Three seasons ago, CBS unleashed a serial about the exploits of the overly smart (IQ-wise, not EQ-wise) Walter O’Brien, played in stunning fashion by Elyes Gabriel. O’Brien is joined on his team of unique experts working for Homeland Security by psychologist Toby (Eddie Kaye Thomas), engineer Happy (Jadyn Wong), and statistician Sylvester (Ari Stidham). With their controller Cabe (Robert Patrick) directing them on missions and ‘normal’ waitress-turned-fixer Paige (Katharine McPhee) keeping them from running off the rails, the team proves to have a special blend of humor, camaraderie, and spunk to make the show work.
In this third season, the team tackles hackers in control of military vehicles and missiles, a Night in the Museum-like caper, a bat-filled cave, gunrunners on Christmas vacation, and a search for sunken gold … among a host of twenty-two unique exploits. But in the third season, it’s the relationship between Happy and Toby, not the on/again off/again dance of Walter and Paige, that steals the main headlines.
Having tripped onto the show the summer after the first season aired, it’s remarkable to see the way that the cast and crew have handled several seasons without repeating much in style or substance of the trials the team faces. It’s also funnier and funnier to watch the team deal with their own idiosyncracies, whether it’s germophobic Sylvester or OCD Walter. But it’s more than funny- it’s also teachable.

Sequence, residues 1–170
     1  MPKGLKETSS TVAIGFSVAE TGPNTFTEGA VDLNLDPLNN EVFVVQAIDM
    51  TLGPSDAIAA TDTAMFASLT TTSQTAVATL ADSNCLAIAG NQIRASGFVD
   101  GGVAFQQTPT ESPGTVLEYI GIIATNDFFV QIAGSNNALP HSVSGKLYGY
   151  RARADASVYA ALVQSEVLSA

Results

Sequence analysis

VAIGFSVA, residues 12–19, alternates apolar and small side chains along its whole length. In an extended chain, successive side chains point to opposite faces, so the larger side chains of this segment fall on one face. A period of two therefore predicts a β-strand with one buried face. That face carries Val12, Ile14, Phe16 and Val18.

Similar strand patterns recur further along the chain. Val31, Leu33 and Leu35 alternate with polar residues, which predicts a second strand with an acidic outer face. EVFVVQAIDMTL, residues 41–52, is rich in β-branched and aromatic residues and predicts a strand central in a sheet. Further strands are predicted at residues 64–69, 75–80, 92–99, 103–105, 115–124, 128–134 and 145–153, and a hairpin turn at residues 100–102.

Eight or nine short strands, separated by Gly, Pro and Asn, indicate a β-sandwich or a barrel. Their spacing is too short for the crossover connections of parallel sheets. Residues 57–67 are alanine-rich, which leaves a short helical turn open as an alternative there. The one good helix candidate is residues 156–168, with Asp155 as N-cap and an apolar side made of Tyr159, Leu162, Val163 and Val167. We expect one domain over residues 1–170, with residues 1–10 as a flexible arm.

In many ways, the show ultimately shows us that it takes a team to save the world, and being right isn’t always worth what it costs to make your point. When you’re the best in your field, you’re often right; when your friends have a different approach, it doesn’t always make them wrong. But sometimes in community (or in marriage) we lose sight of what’s really important; these characters do, and then they figure it out. It’s the beauty of friendship, worked out by really smart people who have to figure out what it means to be human.
The fifty minutes of special features include “Unlikely Heroes,” a look at the season and how the crew comes to the rescue; “You’re Invited,” that features the courtship and marriage of you know who; “Scorp Beats,” a look at composer Tony Morales’ setting the musical tone; and, “Mock Me Up,” show the graphic design of the series.